Atheists and Christmas:
There is a debate among atheists about whether they should celebrate Christmas or not. Some do so because they aren’t out as atheists. Some do so in order not to rock the boat among religious family members. Some do so because they always have and don’t want to change — or simply enjoy the holiday. Others argue that it should be replaced by a more rational holiday, and still others argue that all such holidays should be ignored by atheists. Is there a case to be made for this?
Christmas is a Christian Holiday:
Traditionally, Christmas has basically been a Christian holiday — it is, after all, Christ’s Mass where the Nativity of Jesus is celebrated. Many atheists don’t believe that Jesus existed, and those who do don’t regard him as having been anyone special. No atheists are Christians, so why bother participating in such a Christian holiday? It’s arguable that participating makes Christianity seem more popular than it really is, not to mention giving Christians an unjustified ego boost.
Celebrating Christmas Perpetuates Myths About America:
Among the possible harms created by atheists celebrating Christmas is that conservative evangelical Christians are bolstered in their argument that America is essentially a Christian nation. The more popular and important Christian holidays are in America, the easier it is to claim that there is something about Christianity which is fundamental to America’s culture. It’s not a very good argument and this isn’t very good support for it, but why offer them even this little bit of help?
Elements of Christmas are Pagan:
Although Christmas has traditionally been a Christian holiday, most elements of modern Christmas celebrations are really pagan. This isn’t a very good reason for atheists to celebrate Christmas, though, because atheists aren’t pagan any more than they are Christian. Atheists don’t uphold other ancient pagan superstitions, so why do so with those which happen to be popular at Christmas time? There’s nothing about ancient paganism which is any more rational than modern Christianity.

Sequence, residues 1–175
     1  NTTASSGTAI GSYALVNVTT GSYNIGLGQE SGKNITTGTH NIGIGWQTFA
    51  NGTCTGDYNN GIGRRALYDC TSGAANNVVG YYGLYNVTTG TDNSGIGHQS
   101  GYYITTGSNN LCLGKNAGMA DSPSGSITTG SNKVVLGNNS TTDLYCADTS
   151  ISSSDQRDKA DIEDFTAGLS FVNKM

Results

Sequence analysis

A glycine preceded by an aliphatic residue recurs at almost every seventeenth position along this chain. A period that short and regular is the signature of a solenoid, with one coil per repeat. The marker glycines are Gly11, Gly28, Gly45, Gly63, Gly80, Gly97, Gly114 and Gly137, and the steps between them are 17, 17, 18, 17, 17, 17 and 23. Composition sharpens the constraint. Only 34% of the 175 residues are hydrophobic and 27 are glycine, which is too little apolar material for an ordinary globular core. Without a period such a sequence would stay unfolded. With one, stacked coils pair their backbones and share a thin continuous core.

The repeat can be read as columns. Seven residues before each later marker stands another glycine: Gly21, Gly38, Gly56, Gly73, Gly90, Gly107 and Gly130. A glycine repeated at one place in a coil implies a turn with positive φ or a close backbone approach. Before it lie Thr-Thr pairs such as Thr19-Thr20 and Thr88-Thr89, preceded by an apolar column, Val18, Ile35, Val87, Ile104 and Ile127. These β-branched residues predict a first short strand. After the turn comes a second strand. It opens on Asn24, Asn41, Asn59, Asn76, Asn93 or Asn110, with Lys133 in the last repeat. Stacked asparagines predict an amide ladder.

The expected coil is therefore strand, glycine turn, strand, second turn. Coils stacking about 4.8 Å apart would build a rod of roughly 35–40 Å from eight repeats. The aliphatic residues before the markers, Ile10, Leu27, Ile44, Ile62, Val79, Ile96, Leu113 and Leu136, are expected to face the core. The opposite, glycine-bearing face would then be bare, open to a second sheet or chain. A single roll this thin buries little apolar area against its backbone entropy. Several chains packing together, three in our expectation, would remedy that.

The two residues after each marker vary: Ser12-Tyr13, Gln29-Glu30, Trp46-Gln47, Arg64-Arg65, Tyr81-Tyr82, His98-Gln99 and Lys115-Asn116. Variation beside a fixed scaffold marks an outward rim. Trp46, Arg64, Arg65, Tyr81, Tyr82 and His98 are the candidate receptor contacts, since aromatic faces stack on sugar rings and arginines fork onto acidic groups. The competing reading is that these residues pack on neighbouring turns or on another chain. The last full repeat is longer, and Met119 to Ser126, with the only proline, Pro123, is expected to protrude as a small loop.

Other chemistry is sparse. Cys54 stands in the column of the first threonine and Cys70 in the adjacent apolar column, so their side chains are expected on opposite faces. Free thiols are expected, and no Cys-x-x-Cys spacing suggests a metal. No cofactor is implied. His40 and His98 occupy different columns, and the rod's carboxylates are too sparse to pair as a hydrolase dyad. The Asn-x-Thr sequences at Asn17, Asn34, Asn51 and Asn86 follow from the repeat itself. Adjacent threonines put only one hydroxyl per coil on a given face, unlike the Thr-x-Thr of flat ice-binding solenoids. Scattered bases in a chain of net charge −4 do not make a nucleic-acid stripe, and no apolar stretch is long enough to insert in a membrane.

Why Not Celebrate Other Religious Holidays?:
If an atheist is surprised at the possibility of not celebrating Christmas, they should consider why they don’t celebrate other religious holidays. Few atheists do anything for the Muslim holiday of Ramadan
or the Christian holiday of Good Friday. Why make an exception for Christmas? The primary reasons seem to be cultural momentum: everyone does and most people have all their lives, so it’s difficult to change. This may be true, but it’s not a very good reason not to change.
Christmas and Lying:
Atheist parents who celebrate Christmas will probably include the Santa Claus myth, but this requires them to lie to their kids. There’s no nicer way of describing what one does when telling small children that Santa Claus really exists and delivers presents to children all over the world. There doesn’t appear to be anything which justifies this deception, especially since there are many ways in which it might prepare kids for belief in Christian doctrines. Is this worth the risk?
Does Ignoring Christmas Help or Hurt Kids?: